n-farbackFriday

Over 50 years ago, the University of Nebraska-Lincoln hosted a playwriting competition to help playwrights gain experience and get feedback on their plays.

On Oct. 4, 1961, The Daily Nebraskan published an article headlined “Playwriting Competition Attracts Fifty Manuscripts,” about the third Fred Ballard playwriting competition put on by Nebraska’s University Theater. 

Fred Ballard was a UNL graduate who became a successful playwright from 1911 to 1930. His Harvard master thesis, "Believe Me, Xantippe,” went on to become a Broadway success, according to Nebraska Authors

The contest helped several plays become successful. During the competition’s time, winning plays were produced on the theater stage and on the TV screen. 

Joseph Baldwin, University Theater specialist in theater history and playwriting, brought the competition back to the university in 1958. 

Baldwin revived the contest to bring back local interest in playwriting, help playwrights improve their work through seeing it performed live and help Nebraska become a center for the arts, according to the DN article.

UNL no longer hosts playwriting competitions, according to Julie Hagemeier, general manager of the Johnny Carson School of Theatre and Film. 

“We don’t really have a formal playwriting program,” she said. “On occasion we will teach a class in playwriting, but that isn’t even on a specific rotation. It’s when we have an instructor who has an opportunity and the background to teach that particular class.”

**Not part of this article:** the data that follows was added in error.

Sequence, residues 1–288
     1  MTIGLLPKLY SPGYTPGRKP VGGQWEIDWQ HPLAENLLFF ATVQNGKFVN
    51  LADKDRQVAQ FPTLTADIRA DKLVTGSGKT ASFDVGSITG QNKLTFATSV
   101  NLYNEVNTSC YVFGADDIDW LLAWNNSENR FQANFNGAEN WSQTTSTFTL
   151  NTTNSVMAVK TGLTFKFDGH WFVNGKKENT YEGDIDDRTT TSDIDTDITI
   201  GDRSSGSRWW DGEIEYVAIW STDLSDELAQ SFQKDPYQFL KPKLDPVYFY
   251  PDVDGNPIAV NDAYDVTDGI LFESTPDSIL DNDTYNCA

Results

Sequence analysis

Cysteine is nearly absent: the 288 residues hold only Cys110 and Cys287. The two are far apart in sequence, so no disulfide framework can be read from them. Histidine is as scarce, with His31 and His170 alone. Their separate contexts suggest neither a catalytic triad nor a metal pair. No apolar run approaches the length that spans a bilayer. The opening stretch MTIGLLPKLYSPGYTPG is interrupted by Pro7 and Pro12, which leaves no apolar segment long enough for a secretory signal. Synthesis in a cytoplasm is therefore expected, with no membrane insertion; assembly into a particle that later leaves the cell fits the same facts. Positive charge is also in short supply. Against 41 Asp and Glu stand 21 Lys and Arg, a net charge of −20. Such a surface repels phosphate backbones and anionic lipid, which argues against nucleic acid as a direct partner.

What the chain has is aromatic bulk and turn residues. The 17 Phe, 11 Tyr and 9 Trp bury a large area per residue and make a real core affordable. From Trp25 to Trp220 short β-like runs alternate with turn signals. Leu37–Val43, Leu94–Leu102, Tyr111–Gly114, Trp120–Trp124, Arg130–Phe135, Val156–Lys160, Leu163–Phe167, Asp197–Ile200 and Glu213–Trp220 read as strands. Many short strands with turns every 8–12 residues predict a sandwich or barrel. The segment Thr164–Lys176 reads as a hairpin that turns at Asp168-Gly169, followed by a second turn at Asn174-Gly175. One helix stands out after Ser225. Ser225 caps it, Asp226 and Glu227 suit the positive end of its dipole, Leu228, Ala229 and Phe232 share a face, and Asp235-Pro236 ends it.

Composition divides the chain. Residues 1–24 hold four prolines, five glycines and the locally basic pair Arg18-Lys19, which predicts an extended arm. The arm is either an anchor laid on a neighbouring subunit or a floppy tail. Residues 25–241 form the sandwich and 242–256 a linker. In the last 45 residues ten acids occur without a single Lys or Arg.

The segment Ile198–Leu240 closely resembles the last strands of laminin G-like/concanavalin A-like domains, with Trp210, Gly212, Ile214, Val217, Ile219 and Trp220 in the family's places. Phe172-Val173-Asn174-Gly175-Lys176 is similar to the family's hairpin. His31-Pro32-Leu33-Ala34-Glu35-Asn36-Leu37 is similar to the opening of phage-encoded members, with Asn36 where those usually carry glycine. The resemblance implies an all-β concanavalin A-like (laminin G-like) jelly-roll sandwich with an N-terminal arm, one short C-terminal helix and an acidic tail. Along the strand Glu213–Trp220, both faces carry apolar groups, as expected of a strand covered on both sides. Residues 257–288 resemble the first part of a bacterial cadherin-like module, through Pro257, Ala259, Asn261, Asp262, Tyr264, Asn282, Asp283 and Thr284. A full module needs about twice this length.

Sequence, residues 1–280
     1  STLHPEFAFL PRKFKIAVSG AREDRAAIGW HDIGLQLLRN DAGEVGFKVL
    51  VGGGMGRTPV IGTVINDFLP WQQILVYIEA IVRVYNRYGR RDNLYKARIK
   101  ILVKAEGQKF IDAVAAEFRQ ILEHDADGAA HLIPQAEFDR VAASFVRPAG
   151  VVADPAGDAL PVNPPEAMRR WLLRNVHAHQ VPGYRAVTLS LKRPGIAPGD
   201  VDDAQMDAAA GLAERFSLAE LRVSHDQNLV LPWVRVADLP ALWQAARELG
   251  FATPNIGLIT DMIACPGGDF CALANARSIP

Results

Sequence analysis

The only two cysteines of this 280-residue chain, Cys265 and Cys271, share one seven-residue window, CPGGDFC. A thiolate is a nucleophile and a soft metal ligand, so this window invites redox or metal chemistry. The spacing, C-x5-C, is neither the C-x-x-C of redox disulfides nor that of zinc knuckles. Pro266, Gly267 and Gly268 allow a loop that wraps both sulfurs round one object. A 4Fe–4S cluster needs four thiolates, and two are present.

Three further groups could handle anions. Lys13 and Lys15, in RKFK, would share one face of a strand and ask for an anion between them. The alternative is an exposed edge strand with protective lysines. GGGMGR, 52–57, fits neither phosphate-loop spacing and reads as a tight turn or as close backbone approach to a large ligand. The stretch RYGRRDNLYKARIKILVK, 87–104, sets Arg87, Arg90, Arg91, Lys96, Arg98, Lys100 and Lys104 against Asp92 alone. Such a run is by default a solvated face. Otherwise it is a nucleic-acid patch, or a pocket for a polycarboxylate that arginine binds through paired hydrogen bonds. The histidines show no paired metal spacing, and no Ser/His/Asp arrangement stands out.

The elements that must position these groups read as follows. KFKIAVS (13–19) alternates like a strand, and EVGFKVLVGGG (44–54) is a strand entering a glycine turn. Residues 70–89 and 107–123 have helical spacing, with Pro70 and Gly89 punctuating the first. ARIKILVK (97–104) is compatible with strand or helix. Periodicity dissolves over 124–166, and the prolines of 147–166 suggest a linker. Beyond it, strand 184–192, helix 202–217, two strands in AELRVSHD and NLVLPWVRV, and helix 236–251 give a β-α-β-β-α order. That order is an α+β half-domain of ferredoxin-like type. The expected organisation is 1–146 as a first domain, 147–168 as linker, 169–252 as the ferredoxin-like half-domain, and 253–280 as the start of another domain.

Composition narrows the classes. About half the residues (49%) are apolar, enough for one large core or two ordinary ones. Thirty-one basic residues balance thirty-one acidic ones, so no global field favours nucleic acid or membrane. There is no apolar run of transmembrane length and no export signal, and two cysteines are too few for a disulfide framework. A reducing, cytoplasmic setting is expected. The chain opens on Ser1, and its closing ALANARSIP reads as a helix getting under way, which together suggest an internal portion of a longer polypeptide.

Playwriting may not be featured in the curriculum, but other events give students opportunities to expand their work, according to Hagemeier. Theatrix, a student-run theatre company at UNL, has hosted events like Center Stage and the New Artist Festival to help students get recognition for their work. Center Stage allowed students to get their short plays read and staged. The New Artist Festival allowed students to show their work, including short plays, according to Hagemeier. 

Another event put on by Theatrix is an annual 24-hour play festival that happened this year, according to Hagemeier. 

Outside of playwriting, students can attend shows put on by the theatre department. “The Legend of Georgia McBride” will host its official opening night on Oct. 4 at 7:30 p.m. at the Lied Center’s Johnny Carson Theater. The play will have various showtimes through Oct. 13.

Though the university program has different events than past years, students still have opportunities to expand their work outside of class, according to Hagemeier. 

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